The explosions in Ankara will have serious ramifications for the upcoming election, though exactly what they’ll be is hard to predict. In the meantime, the current state of polarization in Turkey is a red flag, including for the Western leaders who have—or should have—a stake in protecting Turkey from the deepening chaos in its neighborhood. Three main steps are needed now:

  1. First and foremost, it will be critical to ensure that Turkey holds free and fair elections. Any sort of electoral fraud would be interpreted as repression of the national will and would run the risk of aggravating polarization in the country. It would also undermine Turkey’s Western vocation: After all, Turkey’s main democratic credential is that it regularly holds national elections that are—by and large—free and fair. The upcoming vote would be the 17th such election since 1950
  2. Secondly, there should be domestic and international pressure to ensure a credible and serious investigation into what transpired in Ankara; accountability and transparency are, after all, two critical elements of good governance. Actually, these are the very values that had once made the AKP a beacon of liberal democracy, economic growth, and stability in Turkey’s neighborhood, even prompting President Obama in 2009 to call Turkey a model for the region. This time around, transparency and accountability might help the AKP renew its mandate to govern Turkey. 
  3. Thirdly, at a time when Turkey is facing Russian intrusions into its territory and the situation in Syria risks becoming even more aggravated, Turkey’s Western allies should display solidarity. This is especially important since recent polls show that the Turkish public is once more advocating closer relations with the EU, the United States, and NATO. A strong expression of Western solidarity would help weaken the impact of anti-Western populism that some politicians will inevitably resort to during the run-up to the elections. Such expressions of solidarity may also provide a base to bring Turkey and the West into a constructive dialogue to address their common foreign policy challenges, such as tackling the Syrian refugee crisis as well as finding a political solution to the civil war in Syria.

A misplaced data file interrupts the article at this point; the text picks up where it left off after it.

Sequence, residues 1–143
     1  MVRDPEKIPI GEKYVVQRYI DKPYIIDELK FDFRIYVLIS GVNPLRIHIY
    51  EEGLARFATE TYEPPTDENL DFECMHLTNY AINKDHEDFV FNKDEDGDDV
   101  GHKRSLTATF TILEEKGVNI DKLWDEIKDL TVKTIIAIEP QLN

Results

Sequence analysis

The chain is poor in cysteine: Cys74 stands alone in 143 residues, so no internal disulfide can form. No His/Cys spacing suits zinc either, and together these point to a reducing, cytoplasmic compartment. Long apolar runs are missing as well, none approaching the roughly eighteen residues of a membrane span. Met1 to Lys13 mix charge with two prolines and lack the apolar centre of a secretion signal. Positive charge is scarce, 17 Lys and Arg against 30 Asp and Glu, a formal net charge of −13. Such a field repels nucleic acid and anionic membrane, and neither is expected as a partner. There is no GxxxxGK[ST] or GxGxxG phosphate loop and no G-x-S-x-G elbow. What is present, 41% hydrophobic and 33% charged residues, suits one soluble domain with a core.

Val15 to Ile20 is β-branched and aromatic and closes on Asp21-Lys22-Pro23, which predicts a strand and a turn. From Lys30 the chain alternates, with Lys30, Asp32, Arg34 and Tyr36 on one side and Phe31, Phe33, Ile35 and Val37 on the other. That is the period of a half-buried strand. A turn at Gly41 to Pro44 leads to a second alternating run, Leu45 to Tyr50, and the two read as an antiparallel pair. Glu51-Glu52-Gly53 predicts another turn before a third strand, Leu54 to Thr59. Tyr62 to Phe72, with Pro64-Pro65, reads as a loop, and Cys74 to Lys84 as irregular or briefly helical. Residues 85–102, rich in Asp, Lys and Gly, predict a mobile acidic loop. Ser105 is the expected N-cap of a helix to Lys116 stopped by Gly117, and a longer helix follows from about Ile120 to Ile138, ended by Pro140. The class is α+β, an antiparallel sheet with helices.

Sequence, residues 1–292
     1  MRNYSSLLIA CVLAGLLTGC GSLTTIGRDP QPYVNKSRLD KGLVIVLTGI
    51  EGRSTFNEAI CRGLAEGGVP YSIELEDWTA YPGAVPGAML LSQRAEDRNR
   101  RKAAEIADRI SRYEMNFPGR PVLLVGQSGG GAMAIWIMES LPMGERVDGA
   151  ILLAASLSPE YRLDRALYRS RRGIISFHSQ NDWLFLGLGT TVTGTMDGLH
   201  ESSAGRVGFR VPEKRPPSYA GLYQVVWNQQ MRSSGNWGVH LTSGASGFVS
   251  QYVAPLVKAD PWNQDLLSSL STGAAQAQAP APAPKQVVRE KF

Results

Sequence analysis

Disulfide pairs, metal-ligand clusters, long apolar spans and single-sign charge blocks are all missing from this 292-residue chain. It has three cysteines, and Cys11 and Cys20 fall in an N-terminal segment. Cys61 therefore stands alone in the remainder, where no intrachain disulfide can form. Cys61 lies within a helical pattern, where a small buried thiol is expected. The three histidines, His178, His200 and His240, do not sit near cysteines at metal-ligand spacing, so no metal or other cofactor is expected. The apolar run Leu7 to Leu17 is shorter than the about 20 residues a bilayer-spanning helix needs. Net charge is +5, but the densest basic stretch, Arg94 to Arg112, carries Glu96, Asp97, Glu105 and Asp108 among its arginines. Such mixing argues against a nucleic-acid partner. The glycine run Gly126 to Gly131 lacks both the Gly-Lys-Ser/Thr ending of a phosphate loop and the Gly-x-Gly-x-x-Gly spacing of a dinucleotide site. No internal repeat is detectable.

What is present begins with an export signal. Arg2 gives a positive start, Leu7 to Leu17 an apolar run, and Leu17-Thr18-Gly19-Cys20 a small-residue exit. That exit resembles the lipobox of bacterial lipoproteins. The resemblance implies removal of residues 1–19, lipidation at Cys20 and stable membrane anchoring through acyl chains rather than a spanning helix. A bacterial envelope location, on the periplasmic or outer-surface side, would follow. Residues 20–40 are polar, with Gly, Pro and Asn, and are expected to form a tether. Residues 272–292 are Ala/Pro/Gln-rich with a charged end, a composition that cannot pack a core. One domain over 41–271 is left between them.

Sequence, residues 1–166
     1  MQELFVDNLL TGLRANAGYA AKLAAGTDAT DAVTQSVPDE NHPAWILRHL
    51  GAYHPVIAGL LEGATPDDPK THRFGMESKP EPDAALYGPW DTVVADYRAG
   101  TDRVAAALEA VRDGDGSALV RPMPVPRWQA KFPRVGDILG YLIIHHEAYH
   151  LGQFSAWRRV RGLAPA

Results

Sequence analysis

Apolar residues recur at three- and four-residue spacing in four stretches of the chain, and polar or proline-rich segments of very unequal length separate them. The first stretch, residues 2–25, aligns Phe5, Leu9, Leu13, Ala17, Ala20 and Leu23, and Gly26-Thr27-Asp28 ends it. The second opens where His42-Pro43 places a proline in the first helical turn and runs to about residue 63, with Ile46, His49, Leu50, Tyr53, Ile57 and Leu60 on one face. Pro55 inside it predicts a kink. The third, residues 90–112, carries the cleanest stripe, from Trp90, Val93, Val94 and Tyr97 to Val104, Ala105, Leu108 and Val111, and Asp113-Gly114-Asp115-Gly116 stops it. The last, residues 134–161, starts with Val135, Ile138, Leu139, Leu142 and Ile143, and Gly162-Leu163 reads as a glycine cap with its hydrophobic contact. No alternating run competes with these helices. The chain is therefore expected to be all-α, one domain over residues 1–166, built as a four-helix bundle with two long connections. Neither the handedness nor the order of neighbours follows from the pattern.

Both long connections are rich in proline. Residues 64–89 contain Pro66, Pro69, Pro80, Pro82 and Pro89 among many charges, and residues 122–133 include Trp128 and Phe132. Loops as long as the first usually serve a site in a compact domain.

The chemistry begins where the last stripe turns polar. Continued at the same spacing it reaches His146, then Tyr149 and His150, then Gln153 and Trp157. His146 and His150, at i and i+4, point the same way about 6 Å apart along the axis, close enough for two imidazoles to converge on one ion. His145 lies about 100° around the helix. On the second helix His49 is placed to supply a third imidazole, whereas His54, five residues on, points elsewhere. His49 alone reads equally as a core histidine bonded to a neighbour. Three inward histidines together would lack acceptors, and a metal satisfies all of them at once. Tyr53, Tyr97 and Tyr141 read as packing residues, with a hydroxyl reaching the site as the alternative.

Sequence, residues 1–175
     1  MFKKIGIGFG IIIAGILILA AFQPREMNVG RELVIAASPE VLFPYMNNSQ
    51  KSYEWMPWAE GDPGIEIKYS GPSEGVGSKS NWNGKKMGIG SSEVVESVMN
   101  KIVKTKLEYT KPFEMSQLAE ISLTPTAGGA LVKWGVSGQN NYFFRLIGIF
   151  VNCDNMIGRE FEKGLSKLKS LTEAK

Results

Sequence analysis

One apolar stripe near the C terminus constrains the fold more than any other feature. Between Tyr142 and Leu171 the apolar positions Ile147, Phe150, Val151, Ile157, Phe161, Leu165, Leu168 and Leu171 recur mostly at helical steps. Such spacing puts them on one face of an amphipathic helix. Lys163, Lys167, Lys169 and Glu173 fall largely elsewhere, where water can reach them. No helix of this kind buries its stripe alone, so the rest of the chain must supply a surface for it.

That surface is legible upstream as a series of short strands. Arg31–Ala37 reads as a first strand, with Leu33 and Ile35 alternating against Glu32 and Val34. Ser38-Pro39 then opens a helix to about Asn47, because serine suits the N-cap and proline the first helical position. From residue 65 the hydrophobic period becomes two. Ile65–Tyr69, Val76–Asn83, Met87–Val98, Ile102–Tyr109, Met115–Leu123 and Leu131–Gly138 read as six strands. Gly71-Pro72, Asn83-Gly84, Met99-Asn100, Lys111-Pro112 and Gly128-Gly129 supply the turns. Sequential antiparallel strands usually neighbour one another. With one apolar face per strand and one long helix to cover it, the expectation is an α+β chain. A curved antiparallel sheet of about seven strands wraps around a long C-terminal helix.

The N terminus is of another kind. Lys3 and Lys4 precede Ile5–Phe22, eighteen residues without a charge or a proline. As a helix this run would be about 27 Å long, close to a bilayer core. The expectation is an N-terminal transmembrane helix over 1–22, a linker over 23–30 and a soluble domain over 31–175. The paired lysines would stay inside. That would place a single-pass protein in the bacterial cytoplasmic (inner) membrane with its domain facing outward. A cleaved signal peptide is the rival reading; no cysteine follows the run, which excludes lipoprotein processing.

A tinder box?

Turkey is at a critical juncture. It is hard to believe that the very political party that once gave Turkey a taste of liberal democracy, along with untold prosperity and stability, is failing—or refusing—to adhere to the very values it once championed. Repairing the damage done will not be easy or quick. In fact, Nobel-winning author Orhan Pamuk recently expressed his fear that Turkey could drift into a civil war. 

Ultimately, the power to shape the country’s future trajectory rests with the Turkish electorate. In the meantime, the West would be well-advised to stand by Turkey and its democracy. It should help ensure that the elections on November 1 truly reflect the national will of the country. A Turkey shaken by explosions, growing chaos, and instability would benefit no one—neither the neighborhood, nor the West, nor Turkey itself.